13 Best Practices for Implementing PCI DSS into Business-as-Usual Processes To ensure security controls continue to be properly implemented, PCI DSS should be implemented into business-as-usual (BAU) activities as part of an entity s overall security strategy. This enables an entity to monitor the effectiveness of their security controls on an ongoing basis, and maintain their PCI DSS compliant environment in between PCI DSS assessments. Examples of how PCI DSS should be incorporated into BAU activities include but are not limited to: 1. Monitoring of security controls such as firewalls, intrusion-detection systems/intrusion-prevention systems (IDS/IPS), file-integrity monitoring (FIM), anti-virus, access controls, etc. to ensure they are operating effectively and as intended. 2. Ensuring that all failures in security controls are detected and responded to in a timely manner. Processes to respond to security control failures should include: Restoring the security control Identifying the cause of failure Identifying and addressing any security issues that arose during the failure of the security control Implementing mitigation (such as process or technical controls) to prevent the cause of the failure recurring Resuming monitoring of the security control, perhaps with enhanced monitoring for a period of time, to verify the control is operating effectively 3. Review changes to the environment (for example, addition of new systems, changes in system or network configurations) prior to completion of the change, and perform the following: Determine the potential impact to PCI DSS scope (for example, a new firewall rule that permits connectivity between a system in the CDE and another system could bring additional systems or networks into scope for PCI DSS). Identify PCI DSS requirements applicable to systems and networks affected by the changes (for example, if a new system is in scope for PCI DSS, it would need to be configured per system configuration standards, including FIM, AV, patches, audit logging, etc., and would need to be added to the quarterly vulnerability scan schedule). Update PCI DSS scope and implement security controls as appropriate. 4. Changes to organizational structure (for example, a company merger or acquisition) should result in formal review of the impact to PCI DSS scope and requirements. 5. Periodic reviews and communications should be performed to confirm that PCI DSS requirements continue to be in place and personnel are following secure processes. These periodic reviews should cover all facilities and locations, including retail outlets, data centers, etc., and include reviewing system components (or samples of system components), to verify that PCI DSS requirements continue to be in place for example, configuration standards have been applied, patches and AV are up to date, audit logs are being reviewed, and so on. The frequency of periodic reviews should be determined by the entity as appropriate for the size and complexity of their environment. These reviews can also be used to verify that appropriate evidence is being maintained for example, audit logs, vulnerability scan reports, firewall reviews, etc. to assist the entity s preparation for their next compliance assessment. 6. Review hardware and software technologies at least annually to confirm that they continue to be supported by the vendor and can meet the entity s security requirements, including PCI DSS. If it is discovered that technologies are no longer supported by the vendor or cannot meet the entity s security needs, the entity should prepare a remediation plan, up to and including replacement of the technology, as necessary. Copyright 2013 PCI Security Standards Council LLC Page 9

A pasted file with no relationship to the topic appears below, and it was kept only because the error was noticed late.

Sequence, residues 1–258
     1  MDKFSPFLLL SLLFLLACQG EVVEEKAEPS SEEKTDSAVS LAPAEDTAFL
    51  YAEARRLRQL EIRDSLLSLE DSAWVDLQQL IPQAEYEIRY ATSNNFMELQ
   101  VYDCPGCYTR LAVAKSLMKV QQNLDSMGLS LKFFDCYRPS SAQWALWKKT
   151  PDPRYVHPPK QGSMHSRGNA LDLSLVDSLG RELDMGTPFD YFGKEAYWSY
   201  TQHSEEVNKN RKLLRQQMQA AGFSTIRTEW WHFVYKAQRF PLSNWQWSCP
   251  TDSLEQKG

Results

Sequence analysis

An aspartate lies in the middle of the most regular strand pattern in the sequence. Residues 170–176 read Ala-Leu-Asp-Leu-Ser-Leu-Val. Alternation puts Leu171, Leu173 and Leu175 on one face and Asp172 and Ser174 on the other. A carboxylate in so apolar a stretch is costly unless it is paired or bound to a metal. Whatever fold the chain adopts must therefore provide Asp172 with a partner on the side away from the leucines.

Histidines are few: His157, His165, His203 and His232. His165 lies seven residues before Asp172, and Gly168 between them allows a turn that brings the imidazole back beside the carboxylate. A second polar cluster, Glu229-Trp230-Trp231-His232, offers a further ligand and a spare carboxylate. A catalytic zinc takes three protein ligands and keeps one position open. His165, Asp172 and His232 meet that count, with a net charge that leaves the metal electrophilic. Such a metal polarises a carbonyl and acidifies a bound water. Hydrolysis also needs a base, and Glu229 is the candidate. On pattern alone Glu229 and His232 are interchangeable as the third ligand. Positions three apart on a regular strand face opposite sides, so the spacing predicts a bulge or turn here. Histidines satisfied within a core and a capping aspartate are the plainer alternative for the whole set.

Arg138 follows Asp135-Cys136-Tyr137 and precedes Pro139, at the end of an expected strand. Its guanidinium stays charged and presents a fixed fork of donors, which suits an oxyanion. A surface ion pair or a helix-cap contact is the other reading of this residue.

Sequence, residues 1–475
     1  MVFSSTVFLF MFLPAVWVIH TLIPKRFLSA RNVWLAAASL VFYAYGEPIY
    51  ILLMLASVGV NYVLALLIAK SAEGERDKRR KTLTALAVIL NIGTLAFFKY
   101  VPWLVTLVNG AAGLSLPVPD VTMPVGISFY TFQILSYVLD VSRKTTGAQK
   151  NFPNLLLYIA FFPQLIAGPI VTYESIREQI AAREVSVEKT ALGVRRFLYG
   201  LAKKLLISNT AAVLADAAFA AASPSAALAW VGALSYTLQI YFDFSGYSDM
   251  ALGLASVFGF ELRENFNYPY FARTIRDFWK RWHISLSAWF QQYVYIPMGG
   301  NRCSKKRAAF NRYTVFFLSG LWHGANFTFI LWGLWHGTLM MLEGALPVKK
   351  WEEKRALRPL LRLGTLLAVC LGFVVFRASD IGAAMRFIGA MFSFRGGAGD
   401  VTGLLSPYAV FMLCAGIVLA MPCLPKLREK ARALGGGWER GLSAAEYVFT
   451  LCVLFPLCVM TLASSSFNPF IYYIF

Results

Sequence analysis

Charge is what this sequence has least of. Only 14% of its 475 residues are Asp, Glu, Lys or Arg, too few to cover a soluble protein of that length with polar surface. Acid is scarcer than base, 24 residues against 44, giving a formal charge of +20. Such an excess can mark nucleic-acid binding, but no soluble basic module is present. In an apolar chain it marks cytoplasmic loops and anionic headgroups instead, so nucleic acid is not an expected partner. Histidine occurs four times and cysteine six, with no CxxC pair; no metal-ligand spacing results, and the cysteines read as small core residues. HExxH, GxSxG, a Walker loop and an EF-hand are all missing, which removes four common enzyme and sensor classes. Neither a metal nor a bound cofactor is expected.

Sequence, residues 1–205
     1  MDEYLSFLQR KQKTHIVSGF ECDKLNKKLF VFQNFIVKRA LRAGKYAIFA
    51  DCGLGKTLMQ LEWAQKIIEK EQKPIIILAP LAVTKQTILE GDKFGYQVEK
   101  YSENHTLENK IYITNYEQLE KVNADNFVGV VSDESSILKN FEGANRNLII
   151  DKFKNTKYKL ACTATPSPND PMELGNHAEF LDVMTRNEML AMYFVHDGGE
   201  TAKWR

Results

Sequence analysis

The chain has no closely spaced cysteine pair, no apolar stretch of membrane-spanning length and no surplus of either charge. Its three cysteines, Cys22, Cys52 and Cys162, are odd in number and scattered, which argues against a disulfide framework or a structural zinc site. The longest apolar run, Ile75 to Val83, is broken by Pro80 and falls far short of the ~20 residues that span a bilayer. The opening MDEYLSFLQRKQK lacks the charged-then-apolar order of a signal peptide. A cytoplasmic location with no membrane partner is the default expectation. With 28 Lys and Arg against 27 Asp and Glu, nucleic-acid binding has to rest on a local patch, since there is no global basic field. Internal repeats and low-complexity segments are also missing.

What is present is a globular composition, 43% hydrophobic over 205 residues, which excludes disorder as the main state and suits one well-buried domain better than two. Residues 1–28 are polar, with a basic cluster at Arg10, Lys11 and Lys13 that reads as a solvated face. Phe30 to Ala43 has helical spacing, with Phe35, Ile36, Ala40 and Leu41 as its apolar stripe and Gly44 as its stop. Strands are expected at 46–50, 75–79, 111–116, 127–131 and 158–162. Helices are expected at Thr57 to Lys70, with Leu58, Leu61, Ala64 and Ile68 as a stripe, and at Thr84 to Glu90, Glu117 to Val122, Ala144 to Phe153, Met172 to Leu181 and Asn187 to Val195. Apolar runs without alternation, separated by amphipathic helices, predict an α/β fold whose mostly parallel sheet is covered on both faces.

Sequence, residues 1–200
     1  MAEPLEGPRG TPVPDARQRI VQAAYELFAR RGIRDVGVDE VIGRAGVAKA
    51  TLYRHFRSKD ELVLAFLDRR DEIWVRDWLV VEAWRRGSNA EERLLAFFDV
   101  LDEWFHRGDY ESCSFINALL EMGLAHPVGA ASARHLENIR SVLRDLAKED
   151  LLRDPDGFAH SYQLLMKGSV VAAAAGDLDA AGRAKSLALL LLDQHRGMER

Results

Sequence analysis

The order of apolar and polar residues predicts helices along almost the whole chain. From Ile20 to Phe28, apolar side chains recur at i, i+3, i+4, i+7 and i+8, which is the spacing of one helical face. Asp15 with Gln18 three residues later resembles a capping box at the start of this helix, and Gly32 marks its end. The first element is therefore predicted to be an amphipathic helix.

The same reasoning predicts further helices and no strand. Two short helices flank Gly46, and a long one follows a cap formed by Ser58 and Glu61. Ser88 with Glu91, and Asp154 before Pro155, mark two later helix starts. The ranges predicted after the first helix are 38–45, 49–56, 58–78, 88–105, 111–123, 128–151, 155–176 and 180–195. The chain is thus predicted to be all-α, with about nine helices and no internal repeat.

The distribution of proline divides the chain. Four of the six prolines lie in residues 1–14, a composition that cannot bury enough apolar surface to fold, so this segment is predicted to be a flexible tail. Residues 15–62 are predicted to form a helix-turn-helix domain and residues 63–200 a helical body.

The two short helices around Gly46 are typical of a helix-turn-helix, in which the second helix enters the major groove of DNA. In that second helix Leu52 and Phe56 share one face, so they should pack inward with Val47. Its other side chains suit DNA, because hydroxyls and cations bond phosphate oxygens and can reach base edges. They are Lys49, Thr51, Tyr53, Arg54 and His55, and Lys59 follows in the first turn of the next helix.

14 For Assessors: Sampling of Business Facilities/System Components Sampling is an option for assessors to facilitate the assessment process where there are large numbers of system components. While it is acceptable for an assessor to sample systems as part of their review of an entity s PCI DSS compliance, it is not acceptable for an entity to apply PCI DSS requirements to only a sample of their CDE, or for an assessor to only review a sample of PCI DSS requirements for compliance. After considering the overall scope and complexity of the environment being assessed, the assessor may independently select representative samples of business facilities/system components in order to assess the entity s compliance with PCI DSS requirements. These samples must be defined first for business facilities and then for system components within each selected business facility. Samples must be a representative selection of all of the types and locations of business facilities, as well as all of the types of system components within selected business facilities. Samples must be sufficiently large to provide the assessor with assurance that controls are implemented as expected. Examples of business facilities include but are not limited to: corporate offices, stores, franchise locations, processing facilities, data centers, and other facility types in different locations. Sampling should include system components within each selected business facility. For example, for each business facility selected, include a variety of operating systems, functions, and applications that are applicable to the area under review. As an example, the assessor may define a sample at a business facility to include Sun servers running Apache, Windows servers running Oracle, mainframe systems running legacy card processing applications, data-transfer servers running HP-UX, and Linux Servers running MySQL. If all applications run from a single version of an OS (for example, Windows 7 or Solaris 10), the sample should still include a variety of applications (for example, database servers, web servers, data-transfer servers). When independently selecting samples of business facilities/system components, assessors should consider the following: If there are standardized, centralized PCI DSS security and operational processes and controls in place that ensure consistency and that each business facility/system component must follow, the sample can be smaller than if there are no standard processes/controls in place. The sample must be large enough to provide the assessor with reasonable assurance that all business facilities/system components are configured per the standard processes. The assessor must verify that the standardized, centralized controls are implemented and working effectively. If there is more than one type of standard security and/or operational process in place (for example, for different types of business facilities/system components), the sample must be large enough to include business facilities/system components secured with each type of process. If there are no standard PCI DSS processes/controls in place and each business facility/system component is managed through nonstandard processes, the sample must be larger for the assessor to be assured that each business facility/system component has implemented PCI DSS requirements appropriately. Samples of system components must include every type and combination that is in use. For example, where applications are sampled, the sample must include all versions and platforms for each type of application. Copyright 2013 PCI Security Standards Council LLC Page 10